ones upon a game

I am almost exclusively a solo gamer and look at the gaming scene seen through those eyes. I also literally like alliteration. TWITTER: @onesuponagame
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Shoe Enough, You Might Find These Handy

Kevin L. Kitchens
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Gainesville
Georgia
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One thing about playing games with stacks and stacks of cards is that you have stacks and stacks of cards. With sleeves, even if they aren't too tall, they like to slide around and quickly make a mess.

I've been meaning to share these for awhile. But I've been too lazy busy to create the file, the video, and this post to share them. So now I have.

I'm talking about these quick card shoes, each made from a single sheet of 110# card stock. These are really nothing spectacular, except they are cheap, easy to make, and I quite frankly find them very convenient to have around on table for any game. I've used them with Legendary: A Marvel Deck Building Game, Legendary Encounters: An Alien Deck Building Game, Combat Commander: Europe, Forge War, Conflict of Heroes: Eastern Front – Solo Expansion, and as seen here Warfighter: The Tactical Special Forces Card Game.


Meet the Shues, Elisabeth (left) and Andrew (right)


I have mine cut and scored with my Silhouette Cameo, but I've uploaded a file that you can just print and cut out. As I said, I use heavy cardstock, but for more permanence and rigidity you can use chipboard or thicker cardboard. There is a template for both front-draw and side-draw models depending on your need (and card slots on the gameboard). For example the wounds in Legendary Encounters work better with the side draw, while the barracks draw pile works better with the front draw. Again, it just depends on your preference.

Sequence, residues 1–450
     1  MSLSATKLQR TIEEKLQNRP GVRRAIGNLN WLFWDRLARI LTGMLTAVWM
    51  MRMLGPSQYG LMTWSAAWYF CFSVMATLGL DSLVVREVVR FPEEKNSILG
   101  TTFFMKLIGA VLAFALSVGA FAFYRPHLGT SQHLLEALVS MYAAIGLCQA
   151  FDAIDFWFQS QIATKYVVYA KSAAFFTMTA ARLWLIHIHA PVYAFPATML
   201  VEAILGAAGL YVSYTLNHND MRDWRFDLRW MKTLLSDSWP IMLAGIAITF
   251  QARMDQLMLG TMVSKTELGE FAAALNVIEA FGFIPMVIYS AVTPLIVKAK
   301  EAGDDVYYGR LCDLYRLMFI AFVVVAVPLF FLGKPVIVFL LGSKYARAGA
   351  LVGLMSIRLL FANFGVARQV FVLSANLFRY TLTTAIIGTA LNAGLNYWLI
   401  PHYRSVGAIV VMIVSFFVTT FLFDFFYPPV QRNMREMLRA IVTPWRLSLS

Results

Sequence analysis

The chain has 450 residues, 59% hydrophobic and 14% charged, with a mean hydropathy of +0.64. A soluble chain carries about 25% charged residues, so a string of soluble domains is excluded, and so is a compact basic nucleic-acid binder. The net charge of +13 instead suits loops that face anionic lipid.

For Combat Commander, I use two per side... draw and discard. It really helps to keep those stacks from falling over.

Another serving suggestion is to print on both sides of the cardstock a pattern or text or whatever (or hearts, bunnies, unicorns) and then print this overtop of that and cut it out. The skies the limit here, knock yourself out.

Along the draw edge of each model is a little trifold section. This will not only reinforce that edge, but provide just a little "lift" to tilt the shoe toward the back wall and keep the cards from escaping out the front door. There is also for each style, an optional wall height increase section you can use for really tall stacks. Just cut and fold these and insert inside the appropriate shoe to raise the shoe to 2.25" tall.

Not really much more to say, except I hope you also find these helpful in your gaming. Perhaps you'll think of me and this little blog everytime you use one. Or maybe just the first time. Or maybe not at all. It's all good.

To ease with the assembly, I put together a quick video how-to as well.

File Link: Cut and Fold Card Shoes by Ones Upon a Game

Assembly Video:
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Subscribe sub options Tue Jan 12, 2016 8:43 pm
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